Before FSMA was enacted, FDA relied on parties to voluntarily recall food products that violated the FD&C Act.  Post-FSMA, FDA still relies on responsible parties to voluntarily recall violated food products; however, FDA’s mandatory recall authority allows the administration to mandate a recall if the responsible party does not initiate one voluntarily. Under FSMA, FDA first provides the responsible party with the opportunity to conduct a voluntary recall and cease distribution of the food in question. The FDA may proceed with a mandatory recall if the voluntary recall is not implemented. In practice, a vast majority of companies elect to initiate a voluntary recall when made aware of science-based evidence that their products are unsafe, or reasonably likely to be unsafe, so FDA has only rarely used its mandatory recall authority.  

Regardless of whether a facility performs a voluntary food recall or FDA uses its authority to initiate a mandatory food recall, the reality is that a recall may result in the filing of private lawsuits.  In addition to many other considerations -- ensuring regulatory compliance with FDA requirements and investigation, taking corrective actions and documentation and timing related to the same, deciding the scope, nature and extent of a food recall, exploring insurance coverage issues, and developing a communications plan, among other considerations -- the threat of litigation requires additional steps, including, but not limited to, preservation of relevant documents and information, identification of company employees with knowledge of recall-related events, assembling a defense team, managing insurance matters and handling public relations.  

In addition to recalls, FDA Warning Letters also may lead to litigation. FDA’s "Regulatory Procedures Manual” notes that it is the administration’s practice to "give individuals and firms an opportunity to take voluntary and prompt corrective action before it initiates an enforcement action” and, to do that, FDA issues Warning Letters as a way to "achieve voluntary compliance and to establish prior notice.” FDA is supposed to only issue Warning Letters for violations of "regulatory significance,” which are those violations that may lead to enforcement action if not promptly and adequately corrected.  In practice, Warning Letters provide recipients with an opportunity to understand FDA’s position on a particular issue of non-compliance, correct the issue and then document that the issue has been resolved. If a facility receives a Warning Letter, it is highly recommended that a response be provided to FDA within the requested time frame. If the FDA is able to verify that the corrective actions have been completed, it may issue a Close-Out Letter which confirms that the facility responded with sufficient information to demonstrate that any listed violations have been adequately corrected or that the follow-up inspection shows that implementation of the corrective actions was adequate. Both Warning Letters and any issued Close-Out Letters are publicly available on FDA’s website. Lawsuits have frequently been filed after the issuance of a warning letter.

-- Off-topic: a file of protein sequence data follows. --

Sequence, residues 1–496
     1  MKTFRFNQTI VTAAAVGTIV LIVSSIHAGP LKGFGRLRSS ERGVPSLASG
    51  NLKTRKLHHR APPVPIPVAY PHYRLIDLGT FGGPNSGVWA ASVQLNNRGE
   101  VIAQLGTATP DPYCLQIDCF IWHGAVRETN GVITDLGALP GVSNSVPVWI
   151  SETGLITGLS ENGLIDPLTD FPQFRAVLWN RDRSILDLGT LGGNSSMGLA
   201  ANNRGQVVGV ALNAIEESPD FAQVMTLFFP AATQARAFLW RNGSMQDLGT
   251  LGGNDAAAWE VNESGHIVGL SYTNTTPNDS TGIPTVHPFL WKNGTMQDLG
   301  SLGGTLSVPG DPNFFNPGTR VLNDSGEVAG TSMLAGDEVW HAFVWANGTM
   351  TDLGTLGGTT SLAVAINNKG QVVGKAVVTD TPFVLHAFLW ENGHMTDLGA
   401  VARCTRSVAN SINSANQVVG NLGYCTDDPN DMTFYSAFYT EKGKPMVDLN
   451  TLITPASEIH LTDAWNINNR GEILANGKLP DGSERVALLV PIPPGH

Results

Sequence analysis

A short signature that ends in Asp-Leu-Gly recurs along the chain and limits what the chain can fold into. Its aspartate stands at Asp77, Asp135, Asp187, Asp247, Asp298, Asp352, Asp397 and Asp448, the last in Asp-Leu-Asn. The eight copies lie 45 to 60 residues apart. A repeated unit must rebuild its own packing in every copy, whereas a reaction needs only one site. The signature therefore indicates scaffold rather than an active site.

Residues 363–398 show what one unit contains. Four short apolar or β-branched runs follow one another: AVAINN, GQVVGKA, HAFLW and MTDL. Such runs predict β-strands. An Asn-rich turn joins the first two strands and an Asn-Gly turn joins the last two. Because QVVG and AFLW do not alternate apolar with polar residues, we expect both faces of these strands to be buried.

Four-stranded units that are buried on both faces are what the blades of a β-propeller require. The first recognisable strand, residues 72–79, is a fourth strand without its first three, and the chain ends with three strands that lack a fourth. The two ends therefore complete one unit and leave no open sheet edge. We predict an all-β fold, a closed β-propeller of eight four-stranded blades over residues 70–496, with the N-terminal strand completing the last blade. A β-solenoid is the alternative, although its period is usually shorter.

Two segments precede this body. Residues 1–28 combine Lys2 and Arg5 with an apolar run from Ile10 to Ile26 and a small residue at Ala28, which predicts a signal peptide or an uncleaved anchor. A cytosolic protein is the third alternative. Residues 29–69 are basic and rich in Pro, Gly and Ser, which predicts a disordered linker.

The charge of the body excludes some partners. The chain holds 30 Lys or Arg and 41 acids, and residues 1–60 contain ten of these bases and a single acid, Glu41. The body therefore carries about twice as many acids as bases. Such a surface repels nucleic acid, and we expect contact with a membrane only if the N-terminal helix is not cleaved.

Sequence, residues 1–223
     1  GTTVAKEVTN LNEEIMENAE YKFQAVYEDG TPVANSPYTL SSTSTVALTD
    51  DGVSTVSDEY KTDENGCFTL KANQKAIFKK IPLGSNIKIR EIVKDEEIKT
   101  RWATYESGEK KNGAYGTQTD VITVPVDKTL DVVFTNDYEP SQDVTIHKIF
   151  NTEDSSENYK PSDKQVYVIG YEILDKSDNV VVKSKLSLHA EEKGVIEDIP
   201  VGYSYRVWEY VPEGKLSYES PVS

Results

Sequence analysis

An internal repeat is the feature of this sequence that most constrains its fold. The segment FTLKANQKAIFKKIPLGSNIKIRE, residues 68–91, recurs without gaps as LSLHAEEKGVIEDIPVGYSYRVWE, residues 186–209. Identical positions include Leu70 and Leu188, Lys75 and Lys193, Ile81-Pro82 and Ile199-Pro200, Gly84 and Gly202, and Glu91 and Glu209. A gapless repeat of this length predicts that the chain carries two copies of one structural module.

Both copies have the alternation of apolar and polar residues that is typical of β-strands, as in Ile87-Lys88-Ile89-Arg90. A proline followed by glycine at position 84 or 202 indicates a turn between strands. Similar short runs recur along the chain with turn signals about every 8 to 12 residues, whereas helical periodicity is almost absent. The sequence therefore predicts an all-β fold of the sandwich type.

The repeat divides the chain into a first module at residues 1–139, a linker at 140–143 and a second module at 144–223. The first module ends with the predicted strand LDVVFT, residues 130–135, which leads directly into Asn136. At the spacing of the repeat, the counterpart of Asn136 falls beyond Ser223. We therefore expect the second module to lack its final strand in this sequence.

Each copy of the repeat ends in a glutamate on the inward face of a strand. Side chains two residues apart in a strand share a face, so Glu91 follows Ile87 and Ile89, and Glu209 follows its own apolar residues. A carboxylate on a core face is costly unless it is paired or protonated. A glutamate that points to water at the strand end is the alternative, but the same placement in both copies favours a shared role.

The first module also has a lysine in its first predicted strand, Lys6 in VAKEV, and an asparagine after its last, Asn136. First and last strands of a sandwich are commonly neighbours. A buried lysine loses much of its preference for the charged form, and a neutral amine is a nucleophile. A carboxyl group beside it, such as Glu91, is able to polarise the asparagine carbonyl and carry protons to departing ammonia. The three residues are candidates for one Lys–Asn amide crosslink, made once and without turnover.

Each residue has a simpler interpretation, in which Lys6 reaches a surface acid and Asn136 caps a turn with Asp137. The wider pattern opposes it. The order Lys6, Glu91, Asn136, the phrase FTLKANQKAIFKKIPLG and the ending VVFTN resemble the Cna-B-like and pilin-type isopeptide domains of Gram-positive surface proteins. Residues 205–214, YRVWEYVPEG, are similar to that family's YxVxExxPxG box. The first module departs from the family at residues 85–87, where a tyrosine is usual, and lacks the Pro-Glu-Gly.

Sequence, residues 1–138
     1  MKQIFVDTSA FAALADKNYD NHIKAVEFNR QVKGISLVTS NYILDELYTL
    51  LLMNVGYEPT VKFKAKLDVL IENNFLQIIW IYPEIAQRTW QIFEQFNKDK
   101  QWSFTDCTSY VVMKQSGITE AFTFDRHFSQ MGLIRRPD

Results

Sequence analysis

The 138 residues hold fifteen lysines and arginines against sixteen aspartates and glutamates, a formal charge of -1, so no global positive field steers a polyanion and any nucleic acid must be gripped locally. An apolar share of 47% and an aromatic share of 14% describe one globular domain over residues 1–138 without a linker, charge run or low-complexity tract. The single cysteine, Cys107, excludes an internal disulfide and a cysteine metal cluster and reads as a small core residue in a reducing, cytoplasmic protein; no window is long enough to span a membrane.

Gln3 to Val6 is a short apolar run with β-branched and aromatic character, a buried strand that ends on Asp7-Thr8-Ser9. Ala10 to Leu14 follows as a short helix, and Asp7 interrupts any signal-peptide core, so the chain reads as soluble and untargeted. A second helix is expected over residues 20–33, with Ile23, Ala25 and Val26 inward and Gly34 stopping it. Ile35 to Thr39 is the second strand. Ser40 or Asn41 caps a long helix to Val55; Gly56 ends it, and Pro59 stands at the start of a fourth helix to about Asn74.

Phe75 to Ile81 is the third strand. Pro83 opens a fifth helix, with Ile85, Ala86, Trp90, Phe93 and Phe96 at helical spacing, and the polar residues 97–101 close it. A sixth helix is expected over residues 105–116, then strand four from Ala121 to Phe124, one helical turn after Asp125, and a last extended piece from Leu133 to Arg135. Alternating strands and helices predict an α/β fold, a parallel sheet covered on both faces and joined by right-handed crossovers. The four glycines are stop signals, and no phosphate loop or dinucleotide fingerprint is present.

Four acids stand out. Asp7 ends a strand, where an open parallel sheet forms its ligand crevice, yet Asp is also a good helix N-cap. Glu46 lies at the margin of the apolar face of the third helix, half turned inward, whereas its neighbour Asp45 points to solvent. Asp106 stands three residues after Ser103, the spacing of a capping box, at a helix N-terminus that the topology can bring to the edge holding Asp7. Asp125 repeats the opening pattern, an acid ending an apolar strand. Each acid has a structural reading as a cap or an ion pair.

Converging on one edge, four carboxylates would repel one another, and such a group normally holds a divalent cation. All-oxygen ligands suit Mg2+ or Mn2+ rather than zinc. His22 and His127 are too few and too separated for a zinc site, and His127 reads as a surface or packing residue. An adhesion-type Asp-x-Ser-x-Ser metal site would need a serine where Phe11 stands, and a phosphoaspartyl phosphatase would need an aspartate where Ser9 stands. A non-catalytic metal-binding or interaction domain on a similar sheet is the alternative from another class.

The importance of consideration of all of the safety, regulatory and legal aspects of recalls and Warning Letters cannot be overemphasized. The appropriate handling of these situations can help increase the safety of the food supply and reduce risk and liability.  

 
 

a. The comment period on the use of the term "healthy” in the labeling of food products has been extended to April 26, 2017.

b. FDA reopened the comment period on its Draft Guidance on "Fruit Juice and Vegetables as Color Additives in Food” to May 1, 2017.

c. FDA has again extended the comment period for "Genome Editing in New Plant Varieties Used for Foods” (Center for Food Safety and Applied Nutrition) regarding the use of genome editing techniques to produce new plant varieties that are used for human or animal food, "Genome Editing in New Plant Varieties Used for Foods; request for Comments.” FDA intends to "continue offering consultations for developers of new plant varieties, including those produced using genome editing, in order to help developers ensure that applicable safety and legal questions are resolved prior to market.” The comment period, including on specific questions included in the Notice, extends to June 19, 2017.